I have an honours degree from a local university. I graduated last year. Though I am in and out of part-time jobs, I make a decent living. The money I make is enough to buy me airtime, clothes and soothe my weird food cravings. I am also saving 50 percent of what I earn to buy a car. For a 25 year-old woman, I think I live a fair life.
My love life is fair too. I am in this bitter-sweet relationship with a guy I have dated for over four years. Bitter in that I think I am psychologically and emotionally abused, but I can’t let him go. Sweet in that I know he loves me and that he does the things he does because of the short temper he has. He is my prince charming and I am his Cinderella despite all the pain he unintentionally makes me go through. I know deep inside that all this will pass. He will change.
Emotional or psychological abuse can be verbal or non-verbal. Verbal abuse slowly chips away at the confidence and independence of victims with the intention of making them compliant and limiting their ability to leave. Emotional abuse includes verbal abuse such as yelling, name-calling, blaming and shaming. There is also non-verbal abuse which includes isolation, intimidation, threats of violence and controlling behaviour.
Many abused women define the psychological effects of domestic abuse as having a ‘more profound’ effect on their lives- even when there has also been life-threatening or disabling physical violence. Despite this, there is almost always pressure to define domestic abuse in terms of actual or threatened, physical violence.
Though I am aware of all of this, I still anticipate change from him. I remember vividly two years ago, when he lost it completely. It was date night and he didn’t show up. But because of how sorry he was, he rang me up around 11pm to apologise. I forgave him instantly, thinking that he never meant to hurt me. Barely an hour later, he was standing at my gate begging for my forgiveness. I let him in and he explained what had held him up. What was charming and romantic about the way he did it was that he shed a tear or two while he was at it. Seeing how special it made me feel, I thought it wouldn’t hurt to play hard to get a little bit.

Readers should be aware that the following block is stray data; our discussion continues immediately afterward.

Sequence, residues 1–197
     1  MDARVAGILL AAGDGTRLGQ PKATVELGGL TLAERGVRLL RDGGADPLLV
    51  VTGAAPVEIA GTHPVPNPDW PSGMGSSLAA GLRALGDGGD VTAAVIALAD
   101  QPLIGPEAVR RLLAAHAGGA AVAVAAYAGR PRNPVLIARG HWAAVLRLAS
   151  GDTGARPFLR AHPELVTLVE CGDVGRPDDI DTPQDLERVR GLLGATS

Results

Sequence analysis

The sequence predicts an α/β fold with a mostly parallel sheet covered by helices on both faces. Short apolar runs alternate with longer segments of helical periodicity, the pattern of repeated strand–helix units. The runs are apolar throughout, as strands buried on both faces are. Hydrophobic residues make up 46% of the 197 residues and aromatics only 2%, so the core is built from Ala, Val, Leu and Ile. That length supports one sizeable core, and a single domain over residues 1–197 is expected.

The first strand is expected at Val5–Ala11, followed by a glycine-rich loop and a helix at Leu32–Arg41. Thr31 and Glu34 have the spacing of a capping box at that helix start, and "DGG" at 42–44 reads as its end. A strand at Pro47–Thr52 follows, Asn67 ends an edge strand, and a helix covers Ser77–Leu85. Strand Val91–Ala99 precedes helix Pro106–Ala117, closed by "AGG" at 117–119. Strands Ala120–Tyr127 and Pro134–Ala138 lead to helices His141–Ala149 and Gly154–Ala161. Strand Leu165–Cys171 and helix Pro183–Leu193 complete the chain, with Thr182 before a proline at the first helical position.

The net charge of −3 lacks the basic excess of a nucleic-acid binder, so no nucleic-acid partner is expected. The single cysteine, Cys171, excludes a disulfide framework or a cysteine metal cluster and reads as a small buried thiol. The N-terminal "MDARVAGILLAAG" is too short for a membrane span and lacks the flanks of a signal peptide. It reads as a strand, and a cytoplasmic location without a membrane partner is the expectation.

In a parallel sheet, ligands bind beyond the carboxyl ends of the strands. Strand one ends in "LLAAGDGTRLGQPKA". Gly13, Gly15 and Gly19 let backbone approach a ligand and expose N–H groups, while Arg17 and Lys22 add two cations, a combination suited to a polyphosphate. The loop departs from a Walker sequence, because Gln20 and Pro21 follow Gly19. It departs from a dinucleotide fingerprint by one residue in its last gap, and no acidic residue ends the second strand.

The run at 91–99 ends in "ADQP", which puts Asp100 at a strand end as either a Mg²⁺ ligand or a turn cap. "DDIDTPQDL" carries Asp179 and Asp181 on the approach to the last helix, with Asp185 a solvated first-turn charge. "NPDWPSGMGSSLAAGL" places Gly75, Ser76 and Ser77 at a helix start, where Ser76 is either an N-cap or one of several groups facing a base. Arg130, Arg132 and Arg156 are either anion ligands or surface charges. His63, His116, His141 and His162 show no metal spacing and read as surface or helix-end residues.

“You do this all the time, how do I know you are not bluffing? You’re smelling of alcohol and you expect me to be naïve enough to just believe that you didn’t mean to go out with your friends when we should have been hanging out just the two of us as planned? I guess I am not worth it to you?” I said to him disappointedly. Maybe I shouldn’t have, but this was my indirect way of getting him to apologize some more. He stood up, looked down on me, raised his voice and said: “To hell with your bullsh*t accusations! You see why I prefer to hang out with the guys more and not you? Where is the fun in all this? You are such a bore!”
Frustrated by his reaction and that he confessed that I was a boring, I went outside, got some air and went back inside the house. To my surprise, he looked at me with disgust, looked aside and kept quiet. The silence in the room was so loud, it made my tummy ache. It was too much. Moments later, he told me he was leaving. I got up too, took the keys and followed him. As we approached the gate I asked him why he came to see me since all he did was not talk. He remained silent. I asked him again. He grabbed the keys from me and unlocked the padlock. Just when he was about to open the gate, I asked him again.